Increasing Public Participation

Community Planning and Zoning July 11, 2013 Print Friendly and PDF

So you tried to engage the public in your planning process, but nobody showed up. What follows are a number of techniques to help increase public participation in the planning process.

The first point to remember is that people have an innate sense of when their participation is real and meaningful and when it is not. If the belief is that their time is just a token, or even less, in the planning process, that will be the chief reason why people choose not to participate.

Consider the three groups, or levels, of public participation presented in “A Ladder of Citizen Participation” by Sherry Arnstein (Journal of the American Planning Association, 1969):

  • Nonparticipation: When the public is generally uninformed, or the “participation” is only the public hearing at the end of the process.
  • Tokenism: Public might be informed, consulted but does not participate in policy making. The public does not really participate in or actually write the plan.
  • Citizen power: The public participates actively in planning and policy making.

A community can increase the level of public participation by making sure the participation is truly done at the citizen power level. If people are empowered to actually be able to write the plan, many will choose to participate and stay with the project to the very end. Ideally, the planning commission and planning department will have enough self-confidence to allow their egos to be set aside and not feel they have to write, or approve, the plan. At the citizen power level of participation, it is implied that whatever the committee(s) of stakeholders agrees to, that will be part of the plan. The planning commission and professional planner’s function is to bring together a large number of people representing different stakeholders and viewpoints and to facilitate, talk and mediate toward a consensus represented in the adopted plan.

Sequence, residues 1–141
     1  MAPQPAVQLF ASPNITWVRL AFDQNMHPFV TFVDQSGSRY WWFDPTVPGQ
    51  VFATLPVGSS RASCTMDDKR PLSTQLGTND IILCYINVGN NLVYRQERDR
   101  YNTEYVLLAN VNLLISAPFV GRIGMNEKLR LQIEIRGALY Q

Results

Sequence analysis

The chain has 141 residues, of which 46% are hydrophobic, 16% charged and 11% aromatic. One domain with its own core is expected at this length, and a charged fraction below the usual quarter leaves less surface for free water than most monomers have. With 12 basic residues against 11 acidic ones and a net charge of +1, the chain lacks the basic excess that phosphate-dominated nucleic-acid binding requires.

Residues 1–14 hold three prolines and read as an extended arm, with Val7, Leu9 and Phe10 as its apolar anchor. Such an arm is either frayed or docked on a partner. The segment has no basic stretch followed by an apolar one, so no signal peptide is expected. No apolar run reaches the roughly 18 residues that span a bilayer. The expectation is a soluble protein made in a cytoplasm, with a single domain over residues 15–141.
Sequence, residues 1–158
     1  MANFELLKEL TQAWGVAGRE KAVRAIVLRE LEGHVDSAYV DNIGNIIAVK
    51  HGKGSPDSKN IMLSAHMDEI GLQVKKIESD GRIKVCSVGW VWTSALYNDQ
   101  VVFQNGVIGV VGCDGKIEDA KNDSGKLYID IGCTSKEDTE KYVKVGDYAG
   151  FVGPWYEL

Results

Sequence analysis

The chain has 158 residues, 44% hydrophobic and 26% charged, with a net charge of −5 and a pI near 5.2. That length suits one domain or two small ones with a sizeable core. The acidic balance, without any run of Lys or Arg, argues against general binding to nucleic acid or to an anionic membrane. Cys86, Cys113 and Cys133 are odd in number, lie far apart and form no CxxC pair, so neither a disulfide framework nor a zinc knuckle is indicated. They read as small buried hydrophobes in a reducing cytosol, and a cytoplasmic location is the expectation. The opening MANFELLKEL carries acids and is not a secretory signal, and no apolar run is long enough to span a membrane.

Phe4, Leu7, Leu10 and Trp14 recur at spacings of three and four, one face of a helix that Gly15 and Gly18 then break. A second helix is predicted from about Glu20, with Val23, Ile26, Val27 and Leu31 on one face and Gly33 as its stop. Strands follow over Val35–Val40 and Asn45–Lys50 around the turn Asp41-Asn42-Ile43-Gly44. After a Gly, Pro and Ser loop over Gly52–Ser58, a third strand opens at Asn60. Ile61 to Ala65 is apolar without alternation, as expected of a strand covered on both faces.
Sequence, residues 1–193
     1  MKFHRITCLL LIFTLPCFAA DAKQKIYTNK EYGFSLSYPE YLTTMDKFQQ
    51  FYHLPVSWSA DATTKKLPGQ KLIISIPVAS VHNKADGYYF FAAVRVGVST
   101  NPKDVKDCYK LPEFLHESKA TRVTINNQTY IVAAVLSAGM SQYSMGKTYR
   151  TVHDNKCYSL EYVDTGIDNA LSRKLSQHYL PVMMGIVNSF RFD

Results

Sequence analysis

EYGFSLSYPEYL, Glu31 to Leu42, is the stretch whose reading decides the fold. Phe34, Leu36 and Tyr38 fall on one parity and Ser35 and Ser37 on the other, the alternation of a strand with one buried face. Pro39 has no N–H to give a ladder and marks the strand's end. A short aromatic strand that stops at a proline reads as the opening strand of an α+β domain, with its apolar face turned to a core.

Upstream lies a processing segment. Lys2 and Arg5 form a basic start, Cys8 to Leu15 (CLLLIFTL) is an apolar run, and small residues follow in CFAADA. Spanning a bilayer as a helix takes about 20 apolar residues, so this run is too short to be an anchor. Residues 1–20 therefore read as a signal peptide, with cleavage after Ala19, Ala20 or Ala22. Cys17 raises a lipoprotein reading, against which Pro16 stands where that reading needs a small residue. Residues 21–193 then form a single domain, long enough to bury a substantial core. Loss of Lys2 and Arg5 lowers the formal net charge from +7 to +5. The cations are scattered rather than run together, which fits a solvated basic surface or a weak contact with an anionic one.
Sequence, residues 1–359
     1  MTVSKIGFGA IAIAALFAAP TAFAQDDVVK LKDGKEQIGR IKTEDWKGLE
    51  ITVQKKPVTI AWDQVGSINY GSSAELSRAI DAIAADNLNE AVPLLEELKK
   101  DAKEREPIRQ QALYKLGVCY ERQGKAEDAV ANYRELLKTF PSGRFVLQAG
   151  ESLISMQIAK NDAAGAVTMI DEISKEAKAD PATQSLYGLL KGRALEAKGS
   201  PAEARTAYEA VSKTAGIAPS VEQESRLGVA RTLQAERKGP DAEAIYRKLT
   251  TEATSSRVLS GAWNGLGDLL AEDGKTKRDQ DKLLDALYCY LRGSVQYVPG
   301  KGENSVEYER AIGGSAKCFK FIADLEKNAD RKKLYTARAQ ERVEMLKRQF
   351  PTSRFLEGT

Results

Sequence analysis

Second, thought and effort should take place to reduce obstacles that may prevent or make it hard for people to participate. The following are issues to think about:

  • Is child care provided, especially where single parent families, young families or families with fewer economic resources are a significant part of the population?
  • The location is barrier-free and meets ADA standards.
  • Translators and sign-language interpreters are available and advertised as such in areas where there is a population with a dominant second language.
  • Time and location of events take into account when people work in a community. If many work out of town, or many work second or third shifts, then events may need to be held at different times of the day.
  • Promote the opportunities for public participation with one-on-one contact. Members of the planning commission and planning department staff need to be able to meet with civic organizations, special interest groups or advocacy organizations to personally explain what the project is, why it is important and to extend a personal invitation to participate.
  • Instead of large planning meetings, consider meeting with neighborhood groups, special interest groups or citizen committees.
  • Provide timely, adequate, clear and accurate information on the process, the purpose of the meeting and the planning process. It is very important to have a public appearance of being highly organized. That conveys a sense of success and people like to join and participate in successful projects.